Novelist Tom Clancy said that the difference between reality and fiction was that fiction had to make sense.  He meant, of course, that what actually happens in life often isn’t easy to understand from a logical point of view.

What happened at Christmas was a one-off, and not easy to understand in the 21st century. For the record, Father Christmas is not God. He did not appear in the stable and nor did the Christmas tree.

So what did happen? Well, we all know that Jesus almost certainly wasn’t born on December 25. Intriguingly, it has been calculated that he was born on September 11 in 3BC, on the Jewish New Year. Jesus was a Jew, if you remember.

There were angels and shepherds, but one fascinating idea is that the actual birthplace was a structure called Migdal Eder, the Tower of the Flock, within the bounds of Bethlehem, where lambs were prepared for sacrifice in the temple at nearby Jerusalem. It’s mentioned by the prophet Micah.

The three wise men (or however many) weren’t there. They didn’t come along till Jesus was a toddler, probably between one and two years old. So no star. No celebrities either. No carols. Which of course is taking it a bit far.

Do these details matter? In the end it’s a question of belief. Do we believe in God, and if so, do we believe he became man? Is that a stretch too far? Is it possible? Does it make sense? Is it easier to begin thinking about something else?

Do we believe Christmas is real?

Do you believe in Father Christmas? All right, that’s an easy one. But what do you really, really believe in? And what connection does it have to reality?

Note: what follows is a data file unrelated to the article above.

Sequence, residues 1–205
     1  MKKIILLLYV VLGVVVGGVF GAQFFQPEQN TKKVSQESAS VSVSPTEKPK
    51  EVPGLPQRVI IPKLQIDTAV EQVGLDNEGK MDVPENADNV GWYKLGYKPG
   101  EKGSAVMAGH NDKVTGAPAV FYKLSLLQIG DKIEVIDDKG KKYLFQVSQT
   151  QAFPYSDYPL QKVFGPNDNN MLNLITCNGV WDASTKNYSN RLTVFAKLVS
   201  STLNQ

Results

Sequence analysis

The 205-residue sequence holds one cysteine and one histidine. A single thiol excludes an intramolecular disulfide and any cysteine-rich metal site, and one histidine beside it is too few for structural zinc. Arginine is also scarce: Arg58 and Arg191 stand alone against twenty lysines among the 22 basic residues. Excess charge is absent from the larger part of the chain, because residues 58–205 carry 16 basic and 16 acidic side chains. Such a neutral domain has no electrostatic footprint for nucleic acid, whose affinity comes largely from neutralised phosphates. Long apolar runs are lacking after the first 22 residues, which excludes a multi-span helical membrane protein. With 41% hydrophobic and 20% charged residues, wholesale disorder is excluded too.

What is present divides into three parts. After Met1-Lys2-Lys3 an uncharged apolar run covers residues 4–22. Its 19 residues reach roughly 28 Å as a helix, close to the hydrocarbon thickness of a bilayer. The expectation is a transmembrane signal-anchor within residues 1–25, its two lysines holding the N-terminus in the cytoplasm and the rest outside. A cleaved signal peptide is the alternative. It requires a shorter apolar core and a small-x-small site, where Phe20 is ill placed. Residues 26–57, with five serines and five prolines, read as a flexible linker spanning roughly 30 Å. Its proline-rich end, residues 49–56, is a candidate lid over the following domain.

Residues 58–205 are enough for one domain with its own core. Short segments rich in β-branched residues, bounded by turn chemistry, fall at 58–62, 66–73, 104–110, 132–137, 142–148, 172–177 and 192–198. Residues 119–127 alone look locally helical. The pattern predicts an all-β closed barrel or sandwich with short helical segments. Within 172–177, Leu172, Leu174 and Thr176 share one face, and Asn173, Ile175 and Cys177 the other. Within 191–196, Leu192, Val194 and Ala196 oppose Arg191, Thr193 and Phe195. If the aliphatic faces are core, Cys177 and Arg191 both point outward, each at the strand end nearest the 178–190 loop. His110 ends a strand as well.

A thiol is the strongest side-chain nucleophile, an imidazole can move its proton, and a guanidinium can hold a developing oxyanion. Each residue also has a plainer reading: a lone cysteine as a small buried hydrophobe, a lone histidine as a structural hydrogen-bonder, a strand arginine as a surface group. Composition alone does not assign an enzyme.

Someone said that reality is what remains after you stop believing in it. In other words, reality doesn’t depend on  belief. Or does it?

Experiments in quantum physics suggest that what happens may depend on who is watching. St Paul says that an act of faith is necessary for the veil to be lifted from our eyes: that we can’t see what’s really going on until we place our faith in God.

Most people, of course, reject that entirely. Seeing is believing, we say. Give us proof, and then we’ll believe.

A lot of people believed the world was going to end on December 21 this year, because certain calculations involving the Mayan calendar suggested as much. You don’t have to be cranky or gullible to believe that an ancient people may have known something we don’t. To paraphrase Linus in Peanuts, some of those ancient people were pretty sharp. But to put all our eggs in the Mayan basket would have been unwise, to say the least. All prophecies attempting to date the end of the world have been wrong. So far. Obviously.

Many people regard faith in much the same way as putting all your roulette chips on one number. Others see it as a no-cost bet. But people who believe Christianity is true (as opposed to those who see it as a respectable lifestyle) don’t see it as a bet at all. They agree with Stephen Verney, who wrote that “faith is being grasped by a truth which confronts you and which is self-evident and overwhelming, and then trusting yourself to the reality which you now see”.

This is, I suppose, an irritating viewpoint to those who don’t believe and would prefer the matter to be settled in a “rational” way. But the coming together of faith and reality is a powerful thing.

To many people, Christmas consists largely of a temporary suspension of disbelief. And despite a few high points, this can only end in disappointment. Fooling ourselves can be fun on the kind of superficial level that occupies us most of the time, but how much more exciting if the essence of Christmas were actually true.

Is it a coincidence that all the great stories in world literature are about sacrifice, salvation and redemption? That is what really grips and moves us, until we return to reality. Unless of course we have it wrong: maybe we’re returning from reality when we put those stories aside and concentrate on the mundane horrors of making a living.

Reality and belief are intertwined. Don’t be fooled by the tinsel.